Dr Alan Finkel has delivered his first statement as Australia's Chief Scientist.
Dr Finkel, a renowned engineer, neuroscientist, entrepreneur and philanthropist, began his three-year term as Australia’s Chief Scientist last week, succeeding Professor Ian Chubb.
"I believe our future can be better than the present; human history is testament to that. I welcome an age in which entrepreneurship flourishes, educational opportunities expand, and nations collaborate scientifically to drive progress," said Dr Finkel in a statement.
"As Australia’s eighth Chief Scientist, I want to tell Australia’s great success stories. I have witnessed many firsthand, as a researcher, entrepreneur and advocate. I hope to uncover and help inspire many more.
"I want to put important topics on the table, such as sustainable energy use, to help Australians understand and weigh up the options. We will count the benefits of innovation in prosperity shared, jobs created, lives saved and opportunities uncovered; but only if we pursue a new conversation."
Dr Finkel said the Government's National Innovation and Science Agenda brings "new responsibilities" to the role of Chief Scientist, including contributing to the review of the R&D Tax Incentive programme.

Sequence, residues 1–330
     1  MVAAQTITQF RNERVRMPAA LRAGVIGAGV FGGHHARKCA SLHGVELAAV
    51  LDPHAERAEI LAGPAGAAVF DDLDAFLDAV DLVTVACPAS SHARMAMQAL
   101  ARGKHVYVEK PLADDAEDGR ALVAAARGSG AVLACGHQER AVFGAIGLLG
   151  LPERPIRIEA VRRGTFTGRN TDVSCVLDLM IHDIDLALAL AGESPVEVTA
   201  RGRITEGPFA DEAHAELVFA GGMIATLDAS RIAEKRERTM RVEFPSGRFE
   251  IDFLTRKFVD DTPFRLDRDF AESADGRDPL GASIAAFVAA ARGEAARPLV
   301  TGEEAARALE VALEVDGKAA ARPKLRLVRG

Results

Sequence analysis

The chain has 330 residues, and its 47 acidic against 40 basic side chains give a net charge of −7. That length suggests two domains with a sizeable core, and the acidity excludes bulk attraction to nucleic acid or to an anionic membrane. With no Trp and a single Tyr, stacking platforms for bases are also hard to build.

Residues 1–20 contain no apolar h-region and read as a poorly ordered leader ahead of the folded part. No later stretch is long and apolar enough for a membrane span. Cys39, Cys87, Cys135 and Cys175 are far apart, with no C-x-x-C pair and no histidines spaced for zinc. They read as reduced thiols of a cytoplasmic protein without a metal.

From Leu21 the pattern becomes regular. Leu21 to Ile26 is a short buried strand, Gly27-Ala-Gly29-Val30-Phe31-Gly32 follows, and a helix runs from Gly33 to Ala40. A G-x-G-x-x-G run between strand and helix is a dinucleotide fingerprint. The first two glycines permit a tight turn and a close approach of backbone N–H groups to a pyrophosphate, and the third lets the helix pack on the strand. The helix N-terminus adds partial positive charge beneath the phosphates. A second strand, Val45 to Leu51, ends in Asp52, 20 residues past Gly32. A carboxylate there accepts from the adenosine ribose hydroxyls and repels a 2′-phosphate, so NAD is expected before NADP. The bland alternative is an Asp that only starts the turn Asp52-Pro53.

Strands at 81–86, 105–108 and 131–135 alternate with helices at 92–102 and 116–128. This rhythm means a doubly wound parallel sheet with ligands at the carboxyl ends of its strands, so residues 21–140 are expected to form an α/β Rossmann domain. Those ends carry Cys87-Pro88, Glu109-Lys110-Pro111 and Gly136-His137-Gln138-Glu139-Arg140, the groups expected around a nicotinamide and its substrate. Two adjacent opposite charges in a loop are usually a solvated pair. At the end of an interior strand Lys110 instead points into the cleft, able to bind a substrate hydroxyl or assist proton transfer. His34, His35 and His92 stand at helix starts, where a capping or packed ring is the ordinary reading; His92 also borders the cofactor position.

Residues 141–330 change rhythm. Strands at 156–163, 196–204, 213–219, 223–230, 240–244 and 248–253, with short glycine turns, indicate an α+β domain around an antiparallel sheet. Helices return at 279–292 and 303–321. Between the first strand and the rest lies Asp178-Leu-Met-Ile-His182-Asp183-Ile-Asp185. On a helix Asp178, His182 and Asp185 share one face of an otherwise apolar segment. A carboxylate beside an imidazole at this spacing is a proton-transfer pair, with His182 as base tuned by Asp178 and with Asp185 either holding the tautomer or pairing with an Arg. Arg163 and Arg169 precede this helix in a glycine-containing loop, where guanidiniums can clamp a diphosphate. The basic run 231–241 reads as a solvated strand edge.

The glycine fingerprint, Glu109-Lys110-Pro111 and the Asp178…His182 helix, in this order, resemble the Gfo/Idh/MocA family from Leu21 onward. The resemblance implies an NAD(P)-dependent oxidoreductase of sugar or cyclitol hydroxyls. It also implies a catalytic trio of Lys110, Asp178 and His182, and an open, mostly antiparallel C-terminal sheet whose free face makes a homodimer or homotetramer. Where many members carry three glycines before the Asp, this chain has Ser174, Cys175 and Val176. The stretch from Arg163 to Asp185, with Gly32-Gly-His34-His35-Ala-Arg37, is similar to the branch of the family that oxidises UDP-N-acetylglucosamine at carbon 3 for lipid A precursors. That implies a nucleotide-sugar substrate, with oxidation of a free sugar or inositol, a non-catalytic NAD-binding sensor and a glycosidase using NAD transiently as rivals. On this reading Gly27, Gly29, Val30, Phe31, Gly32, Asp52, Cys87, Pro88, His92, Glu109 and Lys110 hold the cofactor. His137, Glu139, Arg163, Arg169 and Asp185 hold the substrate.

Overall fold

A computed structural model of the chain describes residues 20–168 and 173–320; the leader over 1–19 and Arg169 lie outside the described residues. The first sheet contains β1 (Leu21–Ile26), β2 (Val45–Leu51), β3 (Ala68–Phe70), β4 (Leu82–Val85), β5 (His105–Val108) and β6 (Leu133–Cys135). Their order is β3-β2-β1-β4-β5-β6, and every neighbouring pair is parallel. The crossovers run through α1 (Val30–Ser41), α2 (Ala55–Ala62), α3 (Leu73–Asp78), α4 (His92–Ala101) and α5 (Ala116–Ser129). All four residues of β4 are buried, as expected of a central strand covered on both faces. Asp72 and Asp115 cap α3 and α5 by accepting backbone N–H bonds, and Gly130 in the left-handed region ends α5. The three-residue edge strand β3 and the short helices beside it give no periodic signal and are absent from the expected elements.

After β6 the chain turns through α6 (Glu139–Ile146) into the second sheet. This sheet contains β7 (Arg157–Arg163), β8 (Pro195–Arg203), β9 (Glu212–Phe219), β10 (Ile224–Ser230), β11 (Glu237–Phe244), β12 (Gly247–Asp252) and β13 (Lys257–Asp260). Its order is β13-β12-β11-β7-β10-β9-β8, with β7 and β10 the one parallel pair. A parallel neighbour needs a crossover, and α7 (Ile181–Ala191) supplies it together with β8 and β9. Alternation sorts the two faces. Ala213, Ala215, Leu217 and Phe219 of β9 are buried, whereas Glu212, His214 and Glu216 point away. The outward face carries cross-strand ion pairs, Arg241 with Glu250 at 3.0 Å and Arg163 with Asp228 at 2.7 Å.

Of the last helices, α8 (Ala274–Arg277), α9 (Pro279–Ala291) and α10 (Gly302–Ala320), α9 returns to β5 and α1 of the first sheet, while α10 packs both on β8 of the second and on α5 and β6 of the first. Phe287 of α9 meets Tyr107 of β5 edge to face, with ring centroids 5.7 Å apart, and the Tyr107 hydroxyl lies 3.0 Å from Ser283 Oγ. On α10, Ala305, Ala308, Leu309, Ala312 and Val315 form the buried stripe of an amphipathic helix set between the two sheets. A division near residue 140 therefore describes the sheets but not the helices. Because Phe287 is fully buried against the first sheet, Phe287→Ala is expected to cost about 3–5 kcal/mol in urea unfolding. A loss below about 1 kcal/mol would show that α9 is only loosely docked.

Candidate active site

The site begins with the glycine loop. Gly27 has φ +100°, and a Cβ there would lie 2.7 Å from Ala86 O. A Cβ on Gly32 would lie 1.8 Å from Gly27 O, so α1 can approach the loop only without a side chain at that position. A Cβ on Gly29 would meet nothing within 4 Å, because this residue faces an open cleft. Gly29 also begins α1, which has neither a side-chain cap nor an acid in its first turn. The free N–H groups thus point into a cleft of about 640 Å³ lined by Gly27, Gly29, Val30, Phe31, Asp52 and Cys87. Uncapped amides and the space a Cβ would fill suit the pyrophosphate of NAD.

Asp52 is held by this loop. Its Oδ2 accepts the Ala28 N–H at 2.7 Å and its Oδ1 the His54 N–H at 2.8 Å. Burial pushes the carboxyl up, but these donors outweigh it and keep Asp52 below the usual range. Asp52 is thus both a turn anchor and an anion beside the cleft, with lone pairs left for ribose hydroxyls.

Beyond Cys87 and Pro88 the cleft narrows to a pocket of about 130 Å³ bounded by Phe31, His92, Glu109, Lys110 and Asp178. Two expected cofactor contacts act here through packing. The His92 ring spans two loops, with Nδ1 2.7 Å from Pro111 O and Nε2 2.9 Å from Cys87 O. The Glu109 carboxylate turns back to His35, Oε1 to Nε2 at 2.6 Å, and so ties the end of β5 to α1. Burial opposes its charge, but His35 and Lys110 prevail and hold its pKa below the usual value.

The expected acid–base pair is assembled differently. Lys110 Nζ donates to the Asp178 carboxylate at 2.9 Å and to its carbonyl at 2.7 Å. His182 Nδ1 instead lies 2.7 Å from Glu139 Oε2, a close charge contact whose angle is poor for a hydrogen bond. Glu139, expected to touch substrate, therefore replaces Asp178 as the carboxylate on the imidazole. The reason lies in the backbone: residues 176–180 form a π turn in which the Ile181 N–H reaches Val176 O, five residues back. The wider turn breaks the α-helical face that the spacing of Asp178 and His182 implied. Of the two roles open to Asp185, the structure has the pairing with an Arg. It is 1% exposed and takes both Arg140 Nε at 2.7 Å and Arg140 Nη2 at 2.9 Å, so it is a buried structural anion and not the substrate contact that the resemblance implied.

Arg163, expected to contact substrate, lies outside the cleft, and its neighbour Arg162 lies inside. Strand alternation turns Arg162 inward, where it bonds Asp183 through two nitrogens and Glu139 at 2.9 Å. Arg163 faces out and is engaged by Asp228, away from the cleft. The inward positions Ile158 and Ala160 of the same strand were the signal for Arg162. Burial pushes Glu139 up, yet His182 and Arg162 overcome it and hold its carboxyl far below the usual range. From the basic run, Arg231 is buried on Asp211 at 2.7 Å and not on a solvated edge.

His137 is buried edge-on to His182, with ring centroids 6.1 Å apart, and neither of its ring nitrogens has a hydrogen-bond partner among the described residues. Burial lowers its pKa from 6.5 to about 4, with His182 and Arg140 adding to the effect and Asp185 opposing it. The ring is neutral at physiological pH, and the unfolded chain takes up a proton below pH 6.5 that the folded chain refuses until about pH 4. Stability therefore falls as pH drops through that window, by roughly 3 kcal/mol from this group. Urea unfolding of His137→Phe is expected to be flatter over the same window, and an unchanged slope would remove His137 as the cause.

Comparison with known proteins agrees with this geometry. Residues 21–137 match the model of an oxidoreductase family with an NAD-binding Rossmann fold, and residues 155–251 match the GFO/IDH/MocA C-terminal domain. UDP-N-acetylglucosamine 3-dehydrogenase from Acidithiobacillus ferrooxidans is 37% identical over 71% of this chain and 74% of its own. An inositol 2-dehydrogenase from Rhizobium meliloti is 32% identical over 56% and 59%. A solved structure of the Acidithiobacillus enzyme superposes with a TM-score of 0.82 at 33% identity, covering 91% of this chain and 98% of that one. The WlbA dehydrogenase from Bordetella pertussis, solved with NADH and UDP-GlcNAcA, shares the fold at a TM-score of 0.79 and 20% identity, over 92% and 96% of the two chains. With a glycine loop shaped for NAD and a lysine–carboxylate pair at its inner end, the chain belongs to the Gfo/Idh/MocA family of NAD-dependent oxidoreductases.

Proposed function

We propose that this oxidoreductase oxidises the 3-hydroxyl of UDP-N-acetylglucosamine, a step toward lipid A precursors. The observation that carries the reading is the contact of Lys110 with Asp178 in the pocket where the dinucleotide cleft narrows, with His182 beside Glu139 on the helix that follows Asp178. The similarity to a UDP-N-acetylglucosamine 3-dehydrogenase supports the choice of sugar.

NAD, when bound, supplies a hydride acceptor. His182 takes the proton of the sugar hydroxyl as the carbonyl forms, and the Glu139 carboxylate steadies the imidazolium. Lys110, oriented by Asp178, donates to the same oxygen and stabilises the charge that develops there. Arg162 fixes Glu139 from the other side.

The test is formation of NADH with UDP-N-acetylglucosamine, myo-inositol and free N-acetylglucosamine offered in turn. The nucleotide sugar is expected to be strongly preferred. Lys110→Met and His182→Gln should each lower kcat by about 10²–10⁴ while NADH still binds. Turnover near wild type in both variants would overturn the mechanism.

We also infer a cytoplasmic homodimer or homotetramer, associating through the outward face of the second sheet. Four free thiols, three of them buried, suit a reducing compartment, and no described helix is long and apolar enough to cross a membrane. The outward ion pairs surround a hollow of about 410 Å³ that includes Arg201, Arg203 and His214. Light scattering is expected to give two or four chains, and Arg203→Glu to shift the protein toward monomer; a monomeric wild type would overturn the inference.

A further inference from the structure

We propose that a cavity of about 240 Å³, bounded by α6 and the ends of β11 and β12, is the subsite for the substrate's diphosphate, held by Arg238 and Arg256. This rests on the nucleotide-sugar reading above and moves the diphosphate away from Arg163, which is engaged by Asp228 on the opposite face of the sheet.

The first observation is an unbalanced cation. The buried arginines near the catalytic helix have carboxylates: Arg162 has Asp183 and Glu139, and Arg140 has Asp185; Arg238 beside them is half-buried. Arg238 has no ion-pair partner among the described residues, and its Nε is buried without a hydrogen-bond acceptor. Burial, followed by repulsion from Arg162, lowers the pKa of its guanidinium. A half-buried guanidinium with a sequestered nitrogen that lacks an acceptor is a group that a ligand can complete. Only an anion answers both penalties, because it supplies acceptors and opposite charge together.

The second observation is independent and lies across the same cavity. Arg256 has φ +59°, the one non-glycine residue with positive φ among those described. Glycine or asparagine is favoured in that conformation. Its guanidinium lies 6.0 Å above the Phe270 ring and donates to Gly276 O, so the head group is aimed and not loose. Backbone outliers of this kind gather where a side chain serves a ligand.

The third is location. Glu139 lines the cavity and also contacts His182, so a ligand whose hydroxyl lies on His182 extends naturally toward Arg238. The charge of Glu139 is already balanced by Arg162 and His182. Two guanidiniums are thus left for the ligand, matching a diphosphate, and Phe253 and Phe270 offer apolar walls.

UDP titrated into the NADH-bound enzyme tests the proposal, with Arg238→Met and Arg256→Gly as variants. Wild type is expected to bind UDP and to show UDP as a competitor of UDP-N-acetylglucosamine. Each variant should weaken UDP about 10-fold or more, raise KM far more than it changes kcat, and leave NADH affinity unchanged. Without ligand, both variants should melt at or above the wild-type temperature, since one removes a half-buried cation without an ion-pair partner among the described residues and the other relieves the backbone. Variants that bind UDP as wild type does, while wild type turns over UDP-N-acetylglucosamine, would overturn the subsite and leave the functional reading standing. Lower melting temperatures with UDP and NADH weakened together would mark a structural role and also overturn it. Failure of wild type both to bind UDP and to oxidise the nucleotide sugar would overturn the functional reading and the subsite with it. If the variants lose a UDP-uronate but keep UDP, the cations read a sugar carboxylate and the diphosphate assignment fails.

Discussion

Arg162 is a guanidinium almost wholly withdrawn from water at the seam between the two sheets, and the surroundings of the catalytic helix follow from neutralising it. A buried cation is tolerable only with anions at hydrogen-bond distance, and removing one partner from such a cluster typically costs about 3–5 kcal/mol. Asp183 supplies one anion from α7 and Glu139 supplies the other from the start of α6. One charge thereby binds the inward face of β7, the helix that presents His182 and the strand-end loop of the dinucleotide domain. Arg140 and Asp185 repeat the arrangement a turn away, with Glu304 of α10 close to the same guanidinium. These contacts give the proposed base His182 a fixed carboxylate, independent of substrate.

The popular and highly-regarded Incentive has faced constant scrutiny and change.
Last year, the Government secured parliamentary support from the now diminished Palmer United Party to cap claims under the program. It has so far failed to secure support for its proposed 1.5 per cent cut to the Incentive.
Dr Finkel also praised predecessor Professor Chubb for leaving a "great legacy".
"In taking the baton, I recognise that we have to be resilient, to keep going when we stumble. To start up, and then to scale up. To back our potential today, and to build new potential through education for tomorrow.
"It’s a mission as important and as challenging as it’s ever been. I’m proud to have this chance to take it on," he added.